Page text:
Rajan, 53, who stepped down on September 4 as the Governor of the Reserve Bank of India, said in an interview with the New York Times that he hoped the country would finish “the process of bank cleanup which is underway.”
He also noted that his tight monetary policy has helped in bringing India’s rate of inflation — currently about 6 per cent — down to the upper end of the government’s target range. “I think we’ve done exactly what was needed,” he said adding that the central bank should continue to prioritise low inflation.
A new warning also came from Rajan at a time when the world’s central banks appear to be at a loss about how to get global growth moving again. Rajan warned low interest rates globally could distort markets and would be difficult to abandon.
With countries around the world, including the United States and Europe, having kept interest rates low as a way to encourage growth, he said countries could become “trapped” by fear that when they eventually raised rates, they would see the growth slow down.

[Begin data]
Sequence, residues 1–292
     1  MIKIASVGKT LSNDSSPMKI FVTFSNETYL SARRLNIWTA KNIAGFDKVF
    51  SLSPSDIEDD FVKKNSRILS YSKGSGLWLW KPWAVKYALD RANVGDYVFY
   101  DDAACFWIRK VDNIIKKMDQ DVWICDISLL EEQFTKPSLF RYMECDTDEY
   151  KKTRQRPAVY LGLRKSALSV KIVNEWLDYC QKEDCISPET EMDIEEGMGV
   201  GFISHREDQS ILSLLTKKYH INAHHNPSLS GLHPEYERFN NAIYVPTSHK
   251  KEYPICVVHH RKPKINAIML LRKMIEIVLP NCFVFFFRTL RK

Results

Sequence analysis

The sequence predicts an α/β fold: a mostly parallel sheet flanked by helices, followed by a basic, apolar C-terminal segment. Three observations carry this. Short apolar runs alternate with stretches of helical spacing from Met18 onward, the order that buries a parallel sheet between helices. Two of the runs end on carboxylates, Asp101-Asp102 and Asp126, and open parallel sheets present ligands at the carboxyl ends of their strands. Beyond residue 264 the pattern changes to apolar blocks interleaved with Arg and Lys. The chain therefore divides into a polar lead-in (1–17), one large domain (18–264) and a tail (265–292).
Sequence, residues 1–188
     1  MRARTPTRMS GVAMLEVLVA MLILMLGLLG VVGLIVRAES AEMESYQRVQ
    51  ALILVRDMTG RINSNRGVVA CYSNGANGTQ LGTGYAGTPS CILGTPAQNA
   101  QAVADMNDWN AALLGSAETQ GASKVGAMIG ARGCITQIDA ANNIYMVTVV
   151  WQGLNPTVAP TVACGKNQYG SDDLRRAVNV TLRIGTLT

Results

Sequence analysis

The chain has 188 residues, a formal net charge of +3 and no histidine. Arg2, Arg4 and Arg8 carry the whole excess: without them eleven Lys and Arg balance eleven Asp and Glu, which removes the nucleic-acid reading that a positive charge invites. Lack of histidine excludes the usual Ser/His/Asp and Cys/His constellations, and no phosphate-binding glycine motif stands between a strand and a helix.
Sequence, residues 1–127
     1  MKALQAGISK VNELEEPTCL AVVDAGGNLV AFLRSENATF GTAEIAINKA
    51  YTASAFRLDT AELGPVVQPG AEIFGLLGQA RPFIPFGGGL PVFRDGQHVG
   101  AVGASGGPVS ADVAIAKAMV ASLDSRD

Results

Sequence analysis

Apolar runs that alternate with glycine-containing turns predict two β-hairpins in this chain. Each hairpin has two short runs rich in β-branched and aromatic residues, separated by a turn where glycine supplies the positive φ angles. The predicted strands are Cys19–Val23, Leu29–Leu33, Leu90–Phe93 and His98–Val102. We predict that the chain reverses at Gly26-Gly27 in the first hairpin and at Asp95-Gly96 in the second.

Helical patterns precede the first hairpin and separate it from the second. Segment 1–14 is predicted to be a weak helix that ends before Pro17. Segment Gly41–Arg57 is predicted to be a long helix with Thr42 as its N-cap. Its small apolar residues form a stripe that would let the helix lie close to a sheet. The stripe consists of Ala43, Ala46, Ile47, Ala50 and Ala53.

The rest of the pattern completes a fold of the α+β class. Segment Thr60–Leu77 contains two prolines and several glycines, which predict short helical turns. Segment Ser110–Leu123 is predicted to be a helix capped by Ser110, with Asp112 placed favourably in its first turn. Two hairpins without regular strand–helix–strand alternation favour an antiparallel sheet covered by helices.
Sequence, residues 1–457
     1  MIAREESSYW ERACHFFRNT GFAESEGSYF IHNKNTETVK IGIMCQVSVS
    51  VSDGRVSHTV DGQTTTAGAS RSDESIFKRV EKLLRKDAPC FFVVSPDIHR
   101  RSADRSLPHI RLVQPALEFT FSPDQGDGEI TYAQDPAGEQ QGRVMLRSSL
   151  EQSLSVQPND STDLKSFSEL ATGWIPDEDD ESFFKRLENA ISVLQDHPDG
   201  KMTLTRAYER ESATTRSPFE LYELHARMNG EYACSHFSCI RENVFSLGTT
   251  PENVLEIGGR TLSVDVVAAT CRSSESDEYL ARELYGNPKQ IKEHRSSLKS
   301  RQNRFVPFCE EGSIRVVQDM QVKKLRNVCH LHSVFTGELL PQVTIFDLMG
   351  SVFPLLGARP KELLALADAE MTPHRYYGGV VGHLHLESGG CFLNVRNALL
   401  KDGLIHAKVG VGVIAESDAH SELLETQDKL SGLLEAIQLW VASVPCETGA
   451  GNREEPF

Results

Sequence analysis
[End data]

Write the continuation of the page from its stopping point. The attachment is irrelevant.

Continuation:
Low interest rates should not be a substitute for “other instruments of policy” and “various kinds of reforms” that are needed to encourage growth, Rajan said.
Rajan also disputed the view that his tight monetary policies had cost him the support of the government, and said his departure was based on his inability to reach an agreement with the government on serving longer but not serving another full three-year term.
“I don’t think it’s fair to say that it’s because of tight policy that the government wanted to move on,” he said.
Citing government’s move after he announced his departure to set a low inflation target of 4 per cent for the next five years, he said his successor Urjit Patel played an important role in setting the country’s tough inflation targets.
He also stressed that democracy is a better system to create long-term growth.
“India’s strengths to some extent also comes from its democracy,” he said, adding “things can get bad in India, but not beyond a certain point, because the democratic process asserts itself and we have a change in government.”
Rajan will return to his longtime job as a professor at the University of Chicago’s business school.
Comparing the job of central bank governor with his past, Rajan said “so better to be a doer than an adviser. Of course being an adviser sometimes has effects, important effects, but you don’t see it as much immediately. Here you can see what you are doing and in the years to come.”